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News of the Students, by the Students, for the Students
Volume XCVII. Number 1 Abraham Lincoln High School Los Angeles, California October 2010
Block Scheduling Comes to Lincoln High School
By Carlos Jose Machuca Rivera Railsplitter Editor
September is the beginning of the end for most students’ summers. For September is the start of a brand new school year along with brand new changes. The biggest change this year at Lincoln is the transition from the traditional 6 classes a day to block scheduling. Block scheduling is a type of academic scheduling in which students have less classes per day but meet for a longer period of time. For example last year each class lasted 54-56 min but now each class is around 84 minutes. The beneﬁt of this is students won’t have to meet for all of their classes’ everyday. Junior Ken Chhan stated, “Block scheduling is actually pretty okay. It feels nice not having to attend a boring class everyday.” Block scheduling is a reform strategy to help students who are academically behind. Teachers now teach 6 periods a day including the new advisory/ homeroom period. Many of the teachers I interviewed said that block scheduling was horrible, that they missed not seeing their students everyday, and that when they did see them, it felt rushed. The rest of the teachers simply replied with “no comment.” Block scheduling affected everyone on campus. Teachers had to completely change the way they teach, and students had to keep up with all the new changes going on. Despite all of these changes imposed by block scheduling many students are more optimistic. I asked a couple of students what they thought of the block scheduling so far. Junior Julie Xiao said, “I like it; it makes the day feel shorter.” Senior Ignacio Pedraza said, “It’s actually awesome but can be confusing at times.” Block scheduling attempts to raise test scores by allowing larger blocks of time, for a more ﬂexible and productive classroom environment, along with more opportunities for using varied and interactive teaching methods. A problem with block scheduling is simply that there is too much class time. The average student can only concentrate for 50 minutes, any more than that and students begin to loose focus and are more easily distracted. The only real way to determine the effectiveness of block scheduling is by seeing the results come May in the forms of CST and AP exams.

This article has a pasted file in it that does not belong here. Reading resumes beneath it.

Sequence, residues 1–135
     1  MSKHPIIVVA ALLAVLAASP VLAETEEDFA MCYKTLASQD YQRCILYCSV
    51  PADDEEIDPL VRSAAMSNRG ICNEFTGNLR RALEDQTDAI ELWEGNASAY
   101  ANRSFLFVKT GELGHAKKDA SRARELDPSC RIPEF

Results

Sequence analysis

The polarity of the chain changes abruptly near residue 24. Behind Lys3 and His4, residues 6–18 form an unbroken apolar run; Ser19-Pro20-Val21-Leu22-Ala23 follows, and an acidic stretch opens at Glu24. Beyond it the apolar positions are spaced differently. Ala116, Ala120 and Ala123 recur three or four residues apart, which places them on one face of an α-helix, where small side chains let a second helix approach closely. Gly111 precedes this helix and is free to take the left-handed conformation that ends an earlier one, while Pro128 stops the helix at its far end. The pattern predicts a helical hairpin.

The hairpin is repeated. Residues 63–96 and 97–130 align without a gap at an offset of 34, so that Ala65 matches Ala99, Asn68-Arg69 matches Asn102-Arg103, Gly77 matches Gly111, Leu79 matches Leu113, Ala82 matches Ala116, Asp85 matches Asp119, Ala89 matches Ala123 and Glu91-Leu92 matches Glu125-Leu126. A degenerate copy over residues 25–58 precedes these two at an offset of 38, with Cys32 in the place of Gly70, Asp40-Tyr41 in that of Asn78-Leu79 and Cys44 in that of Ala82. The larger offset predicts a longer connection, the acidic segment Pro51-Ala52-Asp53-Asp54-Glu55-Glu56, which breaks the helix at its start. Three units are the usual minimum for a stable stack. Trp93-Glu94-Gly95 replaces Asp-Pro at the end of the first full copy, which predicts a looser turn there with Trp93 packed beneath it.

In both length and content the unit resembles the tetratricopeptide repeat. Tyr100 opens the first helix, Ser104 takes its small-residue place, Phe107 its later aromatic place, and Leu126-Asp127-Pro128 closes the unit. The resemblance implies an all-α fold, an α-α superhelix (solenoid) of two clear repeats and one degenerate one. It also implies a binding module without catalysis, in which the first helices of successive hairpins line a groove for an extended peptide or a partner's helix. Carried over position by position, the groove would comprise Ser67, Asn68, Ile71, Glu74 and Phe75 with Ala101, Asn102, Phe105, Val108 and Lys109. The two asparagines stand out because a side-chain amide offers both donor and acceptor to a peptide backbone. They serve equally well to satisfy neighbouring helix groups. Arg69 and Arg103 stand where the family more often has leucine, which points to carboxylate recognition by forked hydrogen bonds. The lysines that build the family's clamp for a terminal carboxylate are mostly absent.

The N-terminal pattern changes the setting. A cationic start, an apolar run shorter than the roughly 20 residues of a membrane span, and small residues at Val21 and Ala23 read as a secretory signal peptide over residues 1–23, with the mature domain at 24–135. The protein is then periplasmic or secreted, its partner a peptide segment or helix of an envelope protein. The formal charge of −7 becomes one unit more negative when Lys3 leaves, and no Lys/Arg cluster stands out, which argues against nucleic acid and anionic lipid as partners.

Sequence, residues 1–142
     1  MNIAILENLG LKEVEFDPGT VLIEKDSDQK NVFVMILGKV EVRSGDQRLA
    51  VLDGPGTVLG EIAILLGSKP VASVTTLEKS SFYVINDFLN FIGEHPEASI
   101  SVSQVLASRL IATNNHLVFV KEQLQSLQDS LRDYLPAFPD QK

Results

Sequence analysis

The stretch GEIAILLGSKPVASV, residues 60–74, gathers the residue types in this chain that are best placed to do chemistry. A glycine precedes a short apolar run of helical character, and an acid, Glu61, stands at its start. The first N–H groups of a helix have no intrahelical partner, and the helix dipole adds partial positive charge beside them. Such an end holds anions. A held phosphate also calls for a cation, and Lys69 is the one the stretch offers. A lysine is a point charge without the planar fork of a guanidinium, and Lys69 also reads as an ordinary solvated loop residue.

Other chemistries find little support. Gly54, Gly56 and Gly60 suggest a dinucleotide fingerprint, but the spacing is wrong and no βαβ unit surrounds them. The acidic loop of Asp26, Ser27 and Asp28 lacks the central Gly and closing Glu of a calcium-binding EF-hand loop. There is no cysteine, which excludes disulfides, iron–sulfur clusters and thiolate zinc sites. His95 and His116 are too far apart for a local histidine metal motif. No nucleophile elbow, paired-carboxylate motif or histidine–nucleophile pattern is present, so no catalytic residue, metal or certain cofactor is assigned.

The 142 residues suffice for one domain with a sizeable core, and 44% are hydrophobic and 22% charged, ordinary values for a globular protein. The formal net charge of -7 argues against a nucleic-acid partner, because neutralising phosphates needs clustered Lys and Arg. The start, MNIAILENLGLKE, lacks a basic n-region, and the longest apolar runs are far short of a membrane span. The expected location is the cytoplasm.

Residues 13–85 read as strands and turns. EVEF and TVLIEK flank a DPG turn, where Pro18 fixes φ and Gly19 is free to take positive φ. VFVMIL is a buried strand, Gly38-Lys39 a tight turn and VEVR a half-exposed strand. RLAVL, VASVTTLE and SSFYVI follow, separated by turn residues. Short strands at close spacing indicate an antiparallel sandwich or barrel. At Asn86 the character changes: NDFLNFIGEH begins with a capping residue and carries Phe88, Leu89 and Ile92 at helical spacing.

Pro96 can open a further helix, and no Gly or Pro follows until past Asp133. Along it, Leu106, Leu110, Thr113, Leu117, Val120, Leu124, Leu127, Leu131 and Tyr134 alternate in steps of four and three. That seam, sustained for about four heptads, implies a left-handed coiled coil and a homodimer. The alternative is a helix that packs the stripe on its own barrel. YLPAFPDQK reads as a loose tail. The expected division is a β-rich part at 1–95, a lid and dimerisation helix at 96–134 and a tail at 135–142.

Tigers Donate Blood
Everyone who donated blood received this free T-shirt.
By Sandy Wang
Railsplitter Staff Writer
On Friday, September 24, 2010, Lincoln High School’s students donated pint after pint of blood to a worthy cause. This blood drive took place in Lincoln’s cafeteria. This was Lincoln’s ﬁrst blood drive of the year and was packed full of nurses and phlebotomist ready to assist students through the blood donating process. Lincoln’s very own leadership group was also there to help. The purpose of these blood drives is to collect blood to help treat cancer patients, newborn babies, children with leukemia, and so on. The requirements to donate blood are that you have to be at least 16 years old and have parent consent, weigh at least 110 lbs., never have had any type of disease or health problems, hadn’t received or donated blood recently, and a photo ID for each donation. The whole process itself is very safe. Some side effects may include lightheadedness, fatigue, and lack of energy. Some may even faint due to lack of food or too much blood loss. To ensure your safety all the USC nurses perform a light check up. They take a small amount of your blood, measure your heart pulse, check your blood pressure, and ask some basic FAQ regarding your overall health. After giving blood, the nurses make sure you are healthy enough to go back to class or they’ll let you rest in the cafeteria until you feel better. Senior Xiao Kuang said “I donated because I wanted to save lives, and the t-shirt is a plus!” As a follow up question I asked her if she would donate blood again. “I would totally donate again,” said Xiao. Many might wonder what whole process feels like. I asked Senior Christopher Diec what it was like lying on the cot? He said, “The feeling for me wasn’t that bad. I wasn’t scared because I had a certain friend there that made me laugh. I was relaxed and cool.” I interviewed other students why they chose not to donate blood. Many of these students had the same response Junior Kelly Tang had, “I’m scared of needles!” All in all Lincoln’s ﬁrst blood drive of the year was successful, and as always the T-shirts helped to persuade many students to donate to a great cause.
Seniors Infected with Seniorities!